Re: [tcpm] Q&C regarding tcpsecure-09 recommendations

Andre Oppermann <> Wed, 04 June 2008 20:43 UTC

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Date: Wed, 04 Jun 2008 22:43:49 +0200
From: Andre Oppermann <>
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Subject: Re: [tcpm] Q&C regarding tcpsecure-09 recommendations
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Joe Touch wrote:
> Hi, all,
> This is, IMO, a signal to review the recommendations in Section 1.1. I 
> was always concerned that these mitigations would be misinterpreted as 
> applying to hosts in general, which they do not.

I do not agree here.  The recommendations in tcp-secure, IMHO, do apply
to hosts in general and to servers in particular.  Lets have a look at
some examples:  IRC Servers, Jabber Servers, Usenet/NNTP Servers,
IMAP Servers, FTP Mirrors (rsync) as well as any other application that
has long-lived and persistent connections.

> The document, IMO, is insufficient in indicating therein that:
>     - with source port randomization, the mitigations are not needed
>     (port randomization provides a 2^15 strength amplification),
>     even presuming source IP addresses are known

Only few do port randomization over the full range.  Most limit it
to the high or low port range from which the applications draw.

Lets consider some examples:

Dest IP and port are pretty much a given.  Source IP is probably known
to an attacker (like in an IRC or Jabber network).  That leaves the source
port and seq#.  Lets assume that the source port is in a fairly narrow
range of a couple of thousand ports either on the low side 1024-5000 or
in the high range of 49000-60000.  Without full port randomization it is
likely to be in the early port numbers.  With a window of 64k (2^16) the
attack space shrinks to 2^16/2 == 2^15 on average.  That's 32k blind RST
packets per source port.  With larger windows, which become more common,
even less.  Sounds almost trivially doable.  Seems to me a lot smarter
to DDoS your favorite IRC network that way than through a traditional
brute force traffic attack.

The [RST mitigation] ideally, with only rcv_nxt, increases the attack space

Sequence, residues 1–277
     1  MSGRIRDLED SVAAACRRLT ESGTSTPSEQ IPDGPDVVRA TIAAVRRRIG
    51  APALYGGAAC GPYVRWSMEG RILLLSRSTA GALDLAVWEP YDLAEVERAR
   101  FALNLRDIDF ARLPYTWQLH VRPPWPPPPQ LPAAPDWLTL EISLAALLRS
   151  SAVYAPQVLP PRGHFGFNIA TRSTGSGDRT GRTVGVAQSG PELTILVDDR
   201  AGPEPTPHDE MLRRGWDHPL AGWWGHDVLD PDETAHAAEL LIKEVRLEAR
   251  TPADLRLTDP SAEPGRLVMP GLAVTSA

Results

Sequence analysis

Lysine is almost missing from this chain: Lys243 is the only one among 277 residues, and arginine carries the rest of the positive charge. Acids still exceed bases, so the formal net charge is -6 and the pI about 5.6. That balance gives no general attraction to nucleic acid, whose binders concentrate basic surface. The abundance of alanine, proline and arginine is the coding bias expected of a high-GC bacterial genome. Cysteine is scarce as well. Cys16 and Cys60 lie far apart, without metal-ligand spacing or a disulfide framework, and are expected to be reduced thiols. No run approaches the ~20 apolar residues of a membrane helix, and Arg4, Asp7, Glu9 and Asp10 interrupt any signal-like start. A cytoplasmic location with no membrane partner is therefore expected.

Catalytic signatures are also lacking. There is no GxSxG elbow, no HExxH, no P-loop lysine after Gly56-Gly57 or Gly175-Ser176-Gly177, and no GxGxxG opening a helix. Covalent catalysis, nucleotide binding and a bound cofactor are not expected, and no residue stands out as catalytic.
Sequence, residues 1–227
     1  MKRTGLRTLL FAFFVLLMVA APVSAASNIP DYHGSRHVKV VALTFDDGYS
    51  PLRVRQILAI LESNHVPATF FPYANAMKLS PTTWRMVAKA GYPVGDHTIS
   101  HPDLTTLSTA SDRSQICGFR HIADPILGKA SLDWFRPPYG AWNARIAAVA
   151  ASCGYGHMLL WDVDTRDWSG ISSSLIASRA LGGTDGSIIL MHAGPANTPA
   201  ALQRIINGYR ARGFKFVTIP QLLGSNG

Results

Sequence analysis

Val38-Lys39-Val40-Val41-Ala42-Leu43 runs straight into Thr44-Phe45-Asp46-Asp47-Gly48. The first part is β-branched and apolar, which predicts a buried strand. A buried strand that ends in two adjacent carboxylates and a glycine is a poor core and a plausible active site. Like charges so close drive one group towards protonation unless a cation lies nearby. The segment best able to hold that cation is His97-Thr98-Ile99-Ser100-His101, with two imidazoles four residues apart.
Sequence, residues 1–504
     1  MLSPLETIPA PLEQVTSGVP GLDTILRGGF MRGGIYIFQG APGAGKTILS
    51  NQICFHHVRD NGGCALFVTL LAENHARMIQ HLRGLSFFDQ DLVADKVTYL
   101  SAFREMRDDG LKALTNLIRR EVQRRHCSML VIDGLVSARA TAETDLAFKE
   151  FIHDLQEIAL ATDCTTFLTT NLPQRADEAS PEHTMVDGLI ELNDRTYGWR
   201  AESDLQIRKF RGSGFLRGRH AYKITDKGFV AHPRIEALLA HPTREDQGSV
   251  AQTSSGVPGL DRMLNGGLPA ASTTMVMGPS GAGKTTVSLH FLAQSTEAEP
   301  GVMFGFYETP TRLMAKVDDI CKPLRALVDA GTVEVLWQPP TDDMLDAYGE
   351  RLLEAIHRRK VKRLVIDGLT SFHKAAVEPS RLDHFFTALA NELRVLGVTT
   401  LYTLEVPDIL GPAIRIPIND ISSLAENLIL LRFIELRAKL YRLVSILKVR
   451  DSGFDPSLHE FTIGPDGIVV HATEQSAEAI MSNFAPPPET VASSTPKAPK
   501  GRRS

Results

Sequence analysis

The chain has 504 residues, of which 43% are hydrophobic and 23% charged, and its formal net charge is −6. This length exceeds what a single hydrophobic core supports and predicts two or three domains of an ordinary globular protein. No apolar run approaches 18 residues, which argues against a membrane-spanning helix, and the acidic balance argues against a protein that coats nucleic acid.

to 2^31.  The three +-1 window approach to somewhere between 2^23 and 2^26.

[SYN attack] of course is just as evil as RST attack and is completely solved
by the challenge ACK (at the expense of potential bogus dupe-ack detection
by the sender).

[Slipping data] into the window is made way more difficult with the ACK check.
Here we go from 2^15 chance at 64k window to 2^32.  Very valuable I'd say.

Coming back to the IRC server example an attacker can potentially take over
a channel if he manages to insert the right command into a client-server or
server-server stream.  For the both the source IP and destination IP/port
are known.  To slip a malicious line I simply send a string terminating the
previous line and add my line including line ending again.  Then it doesn't
really matter which part of the stream I hit.

>     - if source IP addresses are not known, the mitigations are not
>     needed

For almost all examples above both endpoint plus at least one port
number are known.

>     - the mitigations may increase the time needed to respond to
>     a legitimate RST, incurring extra RTTs or retransmissions
>     vs. an unmodified system

Which isn't a terrible price to pay.  As far as my understanding
goes TCP is concerned with reliable transport of data, not absolutely
reliable abortions of the same through RSTs and SYNs.  They do play
an important role in the functioning of the overall system but they